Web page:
Fifty-six years after ITV first aired its landmark 7 Up documentary, 12 of the 14 men and women first seen as seven-year-old children in 1964 have returned to share the story of their lives in one of the most influential experimental television documentaries.
63 Up is the ninth instalment in a series originally designed as a one-off special made by Granada as part of ITV’s World in Action strand. The original was based on the famous Jesuit motto: “Give me a child until he is seven and I will give you the man.” Using interviews and footage of the seven-year-olds at play together, the programme explored issues of class and aspiration. The 14 children were selected from different backgrounds and talked on camera about their ambitions, feelings, values and experiences. Among the production team was a young researcher, Michael Apted.
When Granada decided to revisit the children seven years later – with Apted now in the director’s chair – a franchise was born. Apted and the crew, many of whom have worked on all episodes, have returned every seven years to document the lives of the contributors. Over the decades, viewers around the world have followed them through education, work, relationships, children and grandchildren – and now many are planning their retirement.
More than just documenting the life course of 14 individuals, the programme has offered a lens through which we have been able to see social and cultural change at work – from the micro-level of participants’ careers, marriages, divorces, parenting and illnesses to broader social themes of employment, poverty and politics. Its blend of personal and political has been emulated in many shows since it began, but no other show has allowed us to see the way the two intersect throughout the duration of an individual’s life.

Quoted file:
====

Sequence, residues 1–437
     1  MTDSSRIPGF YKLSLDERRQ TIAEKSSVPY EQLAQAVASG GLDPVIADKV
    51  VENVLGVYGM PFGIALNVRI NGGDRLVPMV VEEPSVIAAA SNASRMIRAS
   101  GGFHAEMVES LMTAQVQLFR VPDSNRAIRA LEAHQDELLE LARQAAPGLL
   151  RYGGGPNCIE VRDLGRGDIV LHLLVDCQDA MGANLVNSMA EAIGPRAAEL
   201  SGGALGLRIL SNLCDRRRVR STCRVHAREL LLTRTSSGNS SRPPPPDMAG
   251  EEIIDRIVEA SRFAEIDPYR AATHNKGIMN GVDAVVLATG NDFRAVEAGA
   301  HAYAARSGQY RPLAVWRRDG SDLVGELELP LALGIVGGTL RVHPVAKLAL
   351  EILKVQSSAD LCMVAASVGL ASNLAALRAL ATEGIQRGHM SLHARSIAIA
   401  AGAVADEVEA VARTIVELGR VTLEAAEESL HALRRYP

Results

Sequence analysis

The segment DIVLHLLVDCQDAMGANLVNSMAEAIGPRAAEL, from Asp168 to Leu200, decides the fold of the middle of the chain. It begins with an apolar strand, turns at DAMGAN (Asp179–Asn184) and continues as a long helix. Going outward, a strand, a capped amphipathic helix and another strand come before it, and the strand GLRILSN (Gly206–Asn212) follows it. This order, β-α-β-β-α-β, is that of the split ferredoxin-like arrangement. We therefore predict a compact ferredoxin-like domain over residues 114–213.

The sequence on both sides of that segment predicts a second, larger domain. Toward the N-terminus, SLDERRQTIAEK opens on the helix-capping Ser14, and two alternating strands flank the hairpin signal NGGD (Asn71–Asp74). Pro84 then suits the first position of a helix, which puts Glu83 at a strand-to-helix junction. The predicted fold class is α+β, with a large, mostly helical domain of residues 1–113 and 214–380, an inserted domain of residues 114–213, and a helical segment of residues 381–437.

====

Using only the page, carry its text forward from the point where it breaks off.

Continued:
63 Up keeps to that formula. In the first part (of three), cabbie Tony spoke of the tensions between Uber and black cab drivers and expressed his regrets over voting Leave – yet also shared some of the personal struggles he and his family have gone through, including him and wife Debbie raising one of their granddaughters.
The same is true of former farmer’s son, Nick, who left Yorkshire to study at Oxford – as a contemporary of Teresa May. An academic now based in the US, he shared his take on Trump (“Oh … gosh”) while also speaking of the treatment he is undergoing for throat cancer and welling up recalling the birth of his son.
Although the participants were divided on whether they believed that their course in life was established at seven, it is clear to see that class division and problems with social mobility have affected them somewhat – and they particularly see this as a concern for their children and grandchildren. Sue laments that her generation “had wonderful support from the council. If your parents had a council house, you got a council house … now council housing is so hard to get.” Peter, meanwhile, worries that his children’s generation will be worse off than his own.